Europeanization in the Monetary Sector, 1968–92
First, it maintains that the transition, since the 1950s, from Common Market to monetary union was inevitable. The European Union, therefore, is posited as the logical culmination of European history after the Second World War. Historical alternatives to the structure, geography, and economic aims of transnational and international relations in Europe since 1945 are completely neglected.
Secondly, it underestimates the complexity of the integration process in the monetary sector. The European Monetary Union was only one possible result of international economic development since 1945, and it is up to historians to ask why it was realized as it was. What were the alternatives, and why did they not come into being?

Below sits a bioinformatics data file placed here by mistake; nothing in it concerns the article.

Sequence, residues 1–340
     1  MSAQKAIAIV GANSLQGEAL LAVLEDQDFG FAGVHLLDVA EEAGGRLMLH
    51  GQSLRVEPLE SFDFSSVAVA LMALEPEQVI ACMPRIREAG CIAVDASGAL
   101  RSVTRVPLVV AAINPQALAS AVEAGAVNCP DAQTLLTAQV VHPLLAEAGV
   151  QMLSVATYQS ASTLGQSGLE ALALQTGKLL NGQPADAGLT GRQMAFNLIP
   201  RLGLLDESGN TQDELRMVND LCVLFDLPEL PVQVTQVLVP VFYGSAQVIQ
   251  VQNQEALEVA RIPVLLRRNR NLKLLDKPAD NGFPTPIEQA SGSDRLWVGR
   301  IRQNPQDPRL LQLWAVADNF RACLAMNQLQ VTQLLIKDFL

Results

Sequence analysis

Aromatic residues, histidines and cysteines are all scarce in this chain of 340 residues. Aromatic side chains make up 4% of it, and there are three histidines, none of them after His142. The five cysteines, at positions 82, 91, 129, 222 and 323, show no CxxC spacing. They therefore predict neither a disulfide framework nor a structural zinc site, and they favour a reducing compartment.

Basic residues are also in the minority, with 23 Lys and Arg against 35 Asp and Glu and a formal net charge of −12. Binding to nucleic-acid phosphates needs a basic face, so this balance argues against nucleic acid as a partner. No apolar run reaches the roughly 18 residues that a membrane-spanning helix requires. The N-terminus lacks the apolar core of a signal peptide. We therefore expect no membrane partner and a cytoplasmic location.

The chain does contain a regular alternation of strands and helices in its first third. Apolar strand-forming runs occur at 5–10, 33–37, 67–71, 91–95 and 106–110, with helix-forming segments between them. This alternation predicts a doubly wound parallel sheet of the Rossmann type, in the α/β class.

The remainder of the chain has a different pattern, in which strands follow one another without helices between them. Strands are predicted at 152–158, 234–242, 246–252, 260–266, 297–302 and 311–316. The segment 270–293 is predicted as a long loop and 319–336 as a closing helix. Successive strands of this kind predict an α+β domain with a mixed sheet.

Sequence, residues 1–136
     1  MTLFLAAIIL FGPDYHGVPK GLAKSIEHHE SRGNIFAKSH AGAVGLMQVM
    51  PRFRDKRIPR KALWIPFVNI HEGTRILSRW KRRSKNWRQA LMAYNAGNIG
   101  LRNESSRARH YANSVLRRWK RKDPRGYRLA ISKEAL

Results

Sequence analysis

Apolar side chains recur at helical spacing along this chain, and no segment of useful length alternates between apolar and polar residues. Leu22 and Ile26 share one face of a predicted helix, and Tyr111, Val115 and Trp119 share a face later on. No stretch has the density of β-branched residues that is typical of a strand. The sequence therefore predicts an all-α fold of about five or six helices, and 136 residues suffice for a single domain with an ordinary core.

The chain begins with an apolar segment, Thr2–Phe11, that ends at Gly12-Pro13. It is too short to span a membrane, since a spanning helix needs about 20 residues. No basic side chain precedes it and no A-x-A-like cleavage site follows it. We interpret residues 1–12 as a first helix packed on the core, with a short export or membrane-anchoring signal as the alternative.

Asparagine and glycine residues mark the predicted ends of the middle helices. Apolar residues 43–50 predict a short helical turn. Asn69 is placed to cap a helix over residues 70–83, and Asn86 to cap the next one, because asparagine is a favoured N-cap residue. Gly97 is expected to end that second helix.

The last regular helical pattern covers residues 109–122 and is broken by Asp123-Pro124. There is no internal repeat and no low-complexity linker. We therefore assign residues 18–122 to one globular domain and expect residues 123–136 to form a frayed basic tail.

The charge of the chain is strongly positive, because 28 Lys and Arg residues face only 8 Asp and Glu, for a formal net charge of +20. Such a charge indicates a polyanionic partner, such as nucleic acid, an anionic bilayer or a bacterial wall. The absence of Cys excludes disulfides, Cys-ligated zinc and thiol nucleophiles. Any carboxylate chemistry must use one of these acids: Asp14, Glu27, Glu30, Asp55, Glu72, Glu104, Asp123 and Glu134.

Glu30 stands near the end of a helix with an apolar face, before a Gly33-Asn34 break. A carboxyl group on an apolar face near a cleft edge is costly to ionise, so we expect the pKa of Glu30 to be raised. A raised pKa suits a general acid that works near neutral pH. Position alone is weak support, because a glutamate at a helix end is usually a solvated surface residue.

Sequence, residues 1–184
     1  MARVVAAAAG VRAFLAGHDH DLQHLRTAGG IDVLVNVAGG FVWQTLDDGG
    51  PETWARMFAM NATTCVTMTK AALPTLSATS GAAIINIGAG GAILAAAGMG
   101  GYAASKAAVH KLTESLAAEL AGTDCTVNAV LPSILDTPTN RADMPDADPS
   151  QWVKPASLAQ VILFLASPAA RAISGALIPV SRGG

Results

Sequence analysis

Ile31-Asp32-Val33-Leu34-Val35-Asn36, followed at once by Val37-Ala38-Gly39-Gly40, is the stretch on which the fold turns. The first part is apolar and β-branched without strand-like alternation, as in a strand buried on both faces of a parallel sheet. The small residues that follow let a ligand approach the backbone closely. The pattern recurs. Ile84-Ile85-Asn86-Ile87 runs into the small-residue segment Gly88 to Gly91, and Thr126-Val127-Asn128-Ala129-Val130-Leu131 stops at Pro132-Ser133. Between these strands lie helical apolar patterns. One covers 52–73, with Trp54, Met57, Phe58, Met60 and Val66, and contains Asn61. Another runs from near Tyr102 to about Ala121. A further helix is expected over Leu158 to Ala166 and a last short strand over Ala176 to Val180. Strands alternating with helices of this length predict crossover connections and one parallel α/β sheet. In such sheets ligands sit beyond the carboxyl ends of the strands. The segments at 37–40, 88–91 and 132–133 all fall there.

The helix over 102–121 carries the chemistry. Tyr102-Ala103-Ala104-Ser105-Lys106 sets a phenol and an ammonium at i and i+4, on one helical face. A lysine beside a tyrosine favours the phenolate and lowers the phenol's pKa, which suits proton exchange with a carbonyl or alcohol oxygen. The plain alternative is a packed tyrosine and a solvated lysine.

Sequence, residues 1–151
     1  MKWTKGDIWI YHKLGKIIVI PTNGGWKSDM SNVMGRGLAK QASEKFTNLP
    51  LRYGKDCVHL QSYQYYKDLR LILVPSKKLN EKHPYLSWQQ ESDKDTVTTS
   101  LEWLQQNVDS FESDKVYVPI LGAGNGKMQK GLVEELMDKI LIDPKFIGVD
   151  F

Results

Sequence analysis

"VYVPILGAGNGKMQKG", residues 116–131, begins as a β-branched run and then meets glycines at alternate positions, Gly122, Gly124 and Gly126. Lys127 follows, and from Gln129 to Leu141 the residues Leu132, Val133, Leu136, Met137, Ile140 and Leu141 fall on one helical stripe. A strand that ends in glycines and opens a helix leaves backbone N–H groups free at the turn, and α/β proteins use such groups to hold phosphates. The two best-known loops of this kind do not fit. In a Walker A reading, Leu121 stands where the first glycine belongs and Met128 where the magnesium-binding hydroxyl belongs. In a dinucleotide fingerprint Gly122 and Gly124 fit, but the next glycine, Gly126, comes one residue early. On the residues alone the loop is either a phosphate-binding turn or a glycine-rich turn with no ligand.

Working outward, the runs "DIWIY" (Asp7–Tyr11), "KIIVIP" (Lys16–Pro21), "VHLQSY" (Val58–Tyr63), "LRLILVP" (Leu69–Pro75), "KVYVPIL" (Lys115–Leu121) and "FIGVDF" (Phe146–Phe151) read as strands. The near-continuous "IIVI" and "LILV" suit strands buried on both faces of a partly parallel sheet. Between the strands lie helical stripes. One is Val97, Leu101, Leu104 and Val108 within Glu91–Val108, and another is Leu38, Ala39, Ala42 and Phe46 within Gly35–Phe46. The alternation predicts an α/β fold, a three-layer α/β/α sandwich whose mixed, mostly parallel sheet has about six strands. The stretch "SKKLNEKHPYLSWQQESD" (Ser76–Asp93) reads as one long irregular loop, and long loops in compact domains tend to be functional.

Thirdly, the following question arises: What did ‘Europe’ mean in this context? What concepts of ‘Europeanization’ existed in the monetary sector? In order to answer these questions, it is necessary to examine the motives behind European integration in the monetary sector, in order to show the driving forces which led to European monetary integration.
KeywordsMonetary Policy Monetary Union Common Agricultural Policy European Monetary Union European Monetary System
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